In today’s post, CAI’s HR Business Partner Tom Sheehan shares the importance of HR professionals staying focused on one or two projects at a time rather than spreading themselves too thin.
Because of its inherent support role, the HR function and its leaders typically have a strong service orientation. That means that as ‘opportunities’ to support and serve the business are brought forward, there is a certain eagerness to please the customer. HR professionals frequently struggle to identify and prioritize which HR projects to push forward to the organization.
Because of the desire to please, HR teams typically conduct too many initiatives, often with mediocre results. Conducting too many projects dilutes the effectiveness of each initiative, and wastes valuable resources.
When deciding which HR initiatives are top priorities, answer these three questions:
- To what extent does this HR initiative further the key business objectives that have been laid out for the organization?
- If we decide to move forward with this project, what project or initiative must be bumped or moved down the priorities list?
- Can we articulate a true return on investment on this project?
Here are the most typical projects that the HR team may undertake:
- Improving leadership development
- Implementing new technology
- Restructuring the organization
- Delivering on recruiting initiatives
- Measuring and improving workforce performance
- Enhancing employee engagement
At the end of the day, HR professionals and their teams would benefit greatly by ‘doing less better.’ That may mean selecting one or two projects to focus on and delivering outstanding results on each of them. Do not move on to the next project until the current project is fully executed and has had a chance to take hold. Being able to stand your ground and appropriately push back when being pressured to take on a new initiative is often a key success factor.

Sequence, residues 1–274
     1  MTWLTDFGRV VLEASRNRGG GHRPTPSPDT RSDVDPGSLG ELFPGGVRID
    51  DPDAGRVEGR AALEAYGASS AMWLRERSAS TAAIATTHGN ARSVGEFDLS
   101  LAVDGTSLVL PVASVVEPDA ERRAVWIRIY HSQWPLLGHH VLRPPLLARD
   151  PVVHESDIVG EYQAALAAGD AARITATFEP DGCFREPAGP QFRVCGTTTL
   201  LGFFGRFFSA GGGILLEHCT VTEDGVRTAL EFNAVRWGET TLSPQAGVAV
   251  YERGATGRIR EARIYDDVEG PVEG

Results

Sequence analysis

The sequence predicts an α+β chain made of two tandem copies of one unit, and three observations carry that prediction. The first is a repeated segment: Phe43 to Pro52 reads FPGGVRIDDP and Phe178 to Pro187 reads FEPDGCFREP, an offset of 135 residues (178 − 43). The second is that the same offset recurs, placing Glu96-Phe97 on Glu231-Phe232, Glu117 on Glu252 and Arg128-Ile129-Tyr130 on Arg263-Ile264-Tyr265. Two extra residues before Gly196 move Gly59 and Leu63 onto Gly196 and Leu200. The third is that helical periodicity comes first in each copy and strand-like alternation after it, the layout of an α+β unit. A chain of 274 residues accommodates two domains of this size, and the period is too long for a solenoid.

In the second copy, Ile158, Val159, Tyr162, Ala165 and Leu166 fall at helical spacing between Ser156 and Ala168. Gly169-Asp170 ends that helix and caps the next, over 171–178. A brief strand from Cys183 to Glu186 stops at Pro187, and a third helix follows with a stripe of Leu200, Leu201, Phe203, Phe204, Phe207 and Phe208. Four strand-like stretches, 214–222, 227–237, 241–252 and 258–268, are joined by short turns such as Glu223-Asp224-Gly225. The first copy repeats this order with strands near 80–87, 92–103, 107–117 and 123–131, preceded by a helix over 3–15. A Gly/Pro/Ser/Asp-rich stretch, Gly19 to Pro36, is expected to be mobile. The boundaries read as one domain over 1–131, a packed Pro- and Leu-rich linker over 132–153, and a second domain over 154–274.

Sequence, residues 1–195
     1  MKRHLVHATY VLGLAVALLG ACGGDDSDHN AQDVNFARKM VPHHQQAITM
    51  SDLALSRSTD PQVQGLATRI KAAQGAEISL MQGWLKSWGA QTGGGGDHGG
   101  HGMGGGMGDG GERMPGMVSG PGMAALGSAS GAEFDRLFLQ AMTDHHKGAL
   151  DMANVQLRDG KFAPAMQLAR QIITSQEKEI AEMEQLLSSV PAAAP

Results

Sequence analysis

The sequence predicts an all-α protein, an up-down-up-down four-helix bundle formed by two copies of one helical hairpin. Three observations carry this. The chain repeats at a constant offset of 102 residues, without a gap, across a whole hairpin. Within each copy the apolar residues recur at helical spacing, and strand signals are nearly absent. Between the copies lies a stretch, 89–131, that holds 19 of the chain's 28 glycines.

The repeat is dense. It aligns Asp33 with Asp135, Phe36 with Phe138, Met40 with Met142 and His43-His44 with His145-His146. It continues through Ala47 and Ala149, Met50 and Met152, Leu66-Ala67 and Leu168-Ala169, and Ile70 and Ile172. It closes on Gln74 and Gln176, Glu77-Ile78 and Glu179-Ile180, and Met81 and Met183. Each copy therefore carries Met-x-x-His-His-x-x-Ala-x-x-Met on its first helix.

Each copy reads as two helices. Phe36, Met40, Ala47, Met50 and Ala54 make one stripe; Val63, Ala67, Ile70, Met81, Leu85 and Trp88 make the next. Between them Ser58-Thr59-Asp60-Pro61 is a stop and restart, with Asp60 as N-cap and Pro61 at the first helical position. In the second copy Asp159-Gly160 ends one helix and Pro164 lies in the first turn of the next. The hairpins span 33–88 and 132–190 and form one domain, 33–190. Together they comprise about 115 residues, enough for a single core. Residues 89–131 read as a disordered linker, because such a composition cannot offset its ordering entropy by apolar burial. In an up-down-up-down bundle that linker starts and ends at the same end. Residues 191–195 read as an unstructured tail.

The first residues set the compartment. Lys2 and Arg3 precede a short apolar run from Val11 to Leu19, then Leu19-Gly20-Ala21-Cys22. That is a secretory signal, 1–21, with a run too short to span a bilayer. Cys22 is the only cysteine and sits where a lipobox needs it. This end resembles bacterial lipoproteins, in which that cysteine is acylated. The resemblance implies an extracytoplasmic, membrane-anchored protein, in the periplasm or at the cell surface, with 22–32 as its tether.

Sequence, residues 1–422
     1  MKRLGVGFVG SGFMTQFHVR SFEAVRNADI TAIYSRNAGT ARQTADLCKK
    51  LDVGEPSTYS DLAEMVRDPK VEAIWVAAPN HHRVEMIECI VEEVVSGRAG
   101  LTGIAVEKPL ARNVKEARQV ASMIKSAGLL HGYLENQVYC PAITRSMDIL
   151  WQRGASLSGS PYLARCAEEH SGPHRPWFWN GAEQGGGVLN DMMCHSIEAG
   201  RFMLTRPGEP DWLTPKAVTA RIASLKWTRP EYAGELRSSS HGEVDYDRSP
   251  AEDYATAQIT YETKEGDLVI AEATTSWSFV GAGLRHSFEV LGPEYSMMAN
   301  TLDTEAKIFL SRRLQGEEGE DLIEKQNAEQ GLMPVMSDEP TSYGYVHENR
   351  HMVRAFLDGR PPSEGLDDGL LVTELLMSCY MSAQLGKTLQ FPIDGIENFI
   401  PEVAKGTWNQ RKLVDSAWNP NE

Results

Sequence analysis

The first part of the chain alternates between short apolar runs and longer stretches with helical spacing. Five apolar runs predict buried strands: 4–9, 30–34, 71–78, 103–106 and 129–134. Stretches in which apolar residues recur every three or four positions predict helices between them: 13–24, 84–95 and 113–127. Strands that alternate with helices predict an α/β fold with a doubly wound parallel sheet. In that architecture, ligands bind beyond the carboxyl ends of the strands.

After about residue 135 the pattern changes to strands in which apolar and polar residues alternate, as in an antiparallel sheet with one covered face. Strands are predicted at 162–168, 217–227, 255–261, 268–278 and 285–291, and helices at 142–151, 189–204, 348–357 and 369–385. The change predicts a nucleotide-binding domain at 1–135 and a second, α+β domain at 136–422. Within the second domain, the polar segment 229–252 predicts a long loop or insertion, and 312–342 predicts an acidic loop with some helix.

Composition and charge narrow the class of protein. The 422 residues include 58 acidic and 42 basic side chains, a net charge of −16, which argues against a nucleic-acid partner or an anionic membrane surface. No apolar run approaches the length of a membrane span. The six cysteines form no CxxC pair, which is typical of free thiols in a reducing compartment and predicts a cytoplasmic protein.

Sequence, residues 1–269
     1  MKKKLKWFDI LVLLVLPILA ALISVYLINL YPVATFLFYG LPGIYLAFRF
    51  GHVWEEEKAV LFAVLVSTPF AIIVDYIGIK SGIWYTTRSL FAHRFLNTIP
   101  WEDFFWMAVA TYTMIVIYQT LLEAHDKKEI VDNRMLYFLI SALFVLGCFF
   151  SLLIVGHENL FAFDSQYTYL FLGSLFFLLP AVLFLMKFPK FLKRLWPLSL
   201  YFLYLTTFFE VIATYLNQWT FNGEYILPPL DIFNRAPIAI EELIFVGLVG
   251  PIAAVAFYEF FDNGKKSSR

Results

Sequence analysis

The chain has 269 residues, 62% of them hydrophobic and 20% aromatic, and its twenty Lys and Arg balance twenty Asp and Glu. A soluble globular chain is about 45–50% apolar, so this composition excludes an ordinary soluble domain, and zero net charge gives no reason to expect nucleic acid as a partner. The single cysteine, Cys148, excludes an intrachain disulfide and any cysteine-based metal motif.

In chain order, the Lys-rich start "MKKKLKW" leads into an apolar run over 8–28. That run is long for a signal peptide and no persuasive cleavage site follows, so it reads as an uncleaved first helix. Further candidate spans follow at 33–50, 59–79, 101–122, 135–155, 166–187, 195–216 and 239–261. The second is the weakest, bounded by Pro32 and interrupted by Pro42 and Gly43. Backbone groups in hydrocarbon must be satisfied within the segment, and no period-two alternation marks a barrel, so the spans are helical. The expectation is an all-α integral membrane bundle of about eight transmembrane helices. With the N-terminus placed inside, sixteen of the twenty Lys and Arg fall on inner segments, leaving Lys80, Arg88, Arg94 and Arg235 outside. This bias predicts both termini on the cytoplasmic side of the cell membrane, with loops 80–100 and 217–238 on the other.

Nothing will ‘short-circuit’ your credibility more quickly than a series of half-delivered projects with mediocre results. The ‘customer-requested’ projects should of course be added to the master list of projects and prioritized appropriately. The master list should include dates and timelines as well, and undergo periodic review with the leadership team.
Frequently, HR leaders are challenged by the business with a ‘critical’ training opportunity for the problem du jour. The expectation by the customer is that HR drop everything and hastily complete the training project. This ‘drop everything’ approach to training is frequently misguided and should also be weighed against existing priorities and projects. It is critical to remember that there is an opportunity cost associated with every project. Never allow a new ‘discretionary’ project to come at the expense of delivering on the strategic promise.
If you think you may need help rethinking your department’s priorities, please give our Advice & Resolution team a ring at at 919-878-9222 or 336-668-7746.